Editor's Note: This article was originally published on Real Money on April 25. To see Jim Cramer's latest commentary as it's published, sign up for a free trial of Real Money.NEW YORK ( Real Money) --Is there such a thing as too much protection? Maybe, at a certain point, you'll want to say, "You know what? I want a ton more risk." I mean, what happens if something actually gets better? What happens if the policymakers in Europe decide that growth is better than austerity, and they'll use the low bond rates to raise money, refinance debt and put people to work? What happens in the U.S. if President Obama decides to harness the energy hand he has been given, and actually says that we are going to bring industry back? What if he decides that, for now, we're going to make the air cleaner and wipe out OPEC, instead of focusing on plug-in cars and solar energy? What happens if Europe comes back and China can get back to its exporting ways? What if, at the same time, China figures out how to actually follow through with its plan of bringing 400 million people to the cities? What happens if China decides it is going to repatriate the bond money it has overseas in order to bail out all of the banks that are overleveraged, and basically start all over again, as the U.S. did in 1990 with the savings-and-loan crisis? What happens if commonsense prevails and the politicians everywhere decide to emphasize a growth agenda until unemployment goes down and jobs are plentiful? The first thing that would happen is that everyone would suddenly be in the so-called "wrong" stocks. The classic growth stocks in the market would be whacked, along with the biotechs that have gotten to such lofty levels; the retailers with the double-digit-plus same-store sales; the concept stocks with no earnings; and the 3%-plus dividend yielders. We would recognize that the Federal Reserve doesn't need to keep interest rates down, so bond competition would step in. The rotation out of Clorox ( CL) and Procter & Gamble ( PG) and into Caterpillar ( CAT) and Terex ( TEX) and Dow Chemical ( DOW) would be mind-numbing. The money flowing out of the utilities stocks and the telecoms would stagger you. You'd be blown away by the money that would go into the prosaic techs -- the stocks like Microsoft ( MSFT) and Intel ( INTC) and Texas Instruments ( TXN) -- as well as the blocking-and-tackling banks such as Citigroup ( C) and Wells Fargo ( WFC).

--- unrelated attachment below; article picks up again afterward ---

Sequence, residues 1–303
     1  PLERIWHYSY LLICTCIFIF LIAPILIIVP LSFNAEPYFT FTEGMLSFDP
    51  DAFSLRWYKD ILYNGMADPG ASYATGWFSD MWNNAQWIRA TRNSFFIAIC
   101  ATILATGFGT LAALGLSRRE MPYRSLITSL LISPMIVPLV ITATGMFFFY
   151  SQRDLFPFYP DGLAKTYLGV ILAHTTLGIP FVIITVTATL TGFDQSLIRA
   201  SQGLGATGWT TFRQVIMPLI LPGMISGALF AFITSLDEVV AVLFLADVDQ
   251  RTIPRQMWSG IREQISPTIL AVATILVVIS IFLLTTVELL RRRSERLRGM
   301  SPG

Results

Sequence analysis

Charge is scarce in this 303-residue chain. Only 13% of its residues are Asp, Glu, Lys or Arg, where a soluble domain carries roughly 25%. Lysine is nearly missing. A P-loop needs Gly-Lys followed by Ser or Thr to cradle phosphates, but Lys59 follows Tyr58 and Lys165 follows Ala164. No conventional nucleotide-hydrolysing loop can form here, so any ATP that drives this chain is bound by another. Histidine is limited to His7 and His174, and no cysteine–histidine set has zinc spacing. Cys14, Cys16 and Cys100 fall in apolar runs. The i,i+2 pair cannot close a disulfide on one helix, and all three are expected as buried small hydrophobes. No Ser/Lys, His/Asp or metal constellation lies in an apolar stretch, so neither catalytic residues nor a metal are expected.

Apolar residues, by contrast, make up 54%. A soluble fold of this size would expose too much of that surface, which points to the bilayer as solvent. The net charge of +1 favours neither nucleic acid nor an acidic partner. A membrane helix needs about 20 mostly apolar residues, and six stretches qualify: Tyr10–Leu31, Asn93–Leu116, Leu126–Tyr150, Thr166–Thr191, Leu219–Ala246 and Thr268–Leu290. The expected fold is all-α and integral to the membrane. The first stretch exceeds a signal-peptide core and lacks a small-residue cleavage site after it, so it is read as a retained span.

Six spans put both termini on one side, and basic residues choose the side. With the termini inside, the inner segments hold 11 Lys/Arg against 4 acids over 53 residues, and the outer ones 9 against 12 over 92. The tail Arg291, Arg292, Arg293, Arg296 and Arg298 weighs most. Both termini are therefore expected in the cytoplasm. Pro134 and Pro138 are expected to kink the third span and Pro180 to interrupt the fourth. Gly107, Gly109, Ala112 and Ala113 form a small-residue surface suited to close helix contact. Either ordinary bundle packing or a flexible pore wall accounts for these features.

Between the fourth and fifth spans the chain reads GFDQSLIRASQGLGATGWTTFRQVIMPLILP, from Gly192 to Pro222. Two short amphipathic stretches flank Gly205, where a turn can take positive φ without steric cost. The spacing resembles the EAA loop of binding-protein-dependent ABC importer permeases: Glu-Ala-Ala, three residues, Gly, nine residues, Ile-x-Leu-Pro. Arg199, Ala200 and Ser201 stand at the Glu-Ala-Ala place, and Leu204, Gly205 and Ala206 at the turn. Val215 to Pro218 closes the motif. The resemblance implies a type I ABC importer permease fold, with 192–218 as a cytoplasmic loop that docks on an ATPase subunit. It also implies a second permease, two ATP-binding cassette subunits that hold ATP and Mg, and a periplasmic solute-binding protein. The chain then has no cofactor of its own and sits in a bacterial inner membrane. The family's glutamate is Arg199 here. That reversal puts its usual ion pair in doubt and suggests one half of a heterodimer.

The haves wouldn't have it. The have-nots would be showered with money. The major averages might not even be able to detect the shift underneath, but that shift would be tectonic in nature. You would hear lots of wrong people saying wrong things about how the market has to go down now that the Fed is "done" -- just as they've said, in the past, that the market will have to go down because one day the Fed would be done. But those are the same knuckleheads who have thought that stocks are "risk-on" and bonds are "risk-off," and totally miss what this business is about, but sound really smart on television. Maybe they will be revealed as having no clothes after all. But, then again, I can't be on air or awake long enough to do the job by myself, and the others who are cowed by this nonsense are going to have to kick in. But the main thing that would happen in this scenario is that you'll wish that you'd bought the shares of pretty much everything that is currently within 10% of its new low, and that you'd sold everything that is now within 5% of its new high. In short, you will have had to do what we've started seeing Wednesday: Sell the winners and buy the losers. There's only one problem with this scenario. We are in the hands of the policymakers and the politicians, and it just seems like a horrible bet to think the politicians and policymakers in Europe, China and the U.S. doing things right. The idea that the same people who have gotten it wrong are suddenly going to get it right seems just ludicrous. Now, it's not a total impossibility. Six years ago our current Fed chairman, Ben Bernanke, and his closest advisers thought nothing was going to go wrong with this economy, and they tightened rates as the other branches of the federal government ignored the chicanery and greed that was ripping through our banking system. That put the housing crisis on a collision course with the rest of the economy, and we are still paying the price. Remember that, when that collision took place, the U.S. economy was at 5.5% unemployment, in large part because of the terrific housing market -- although the stooges I listen to daily rarely credit housing with that important a role.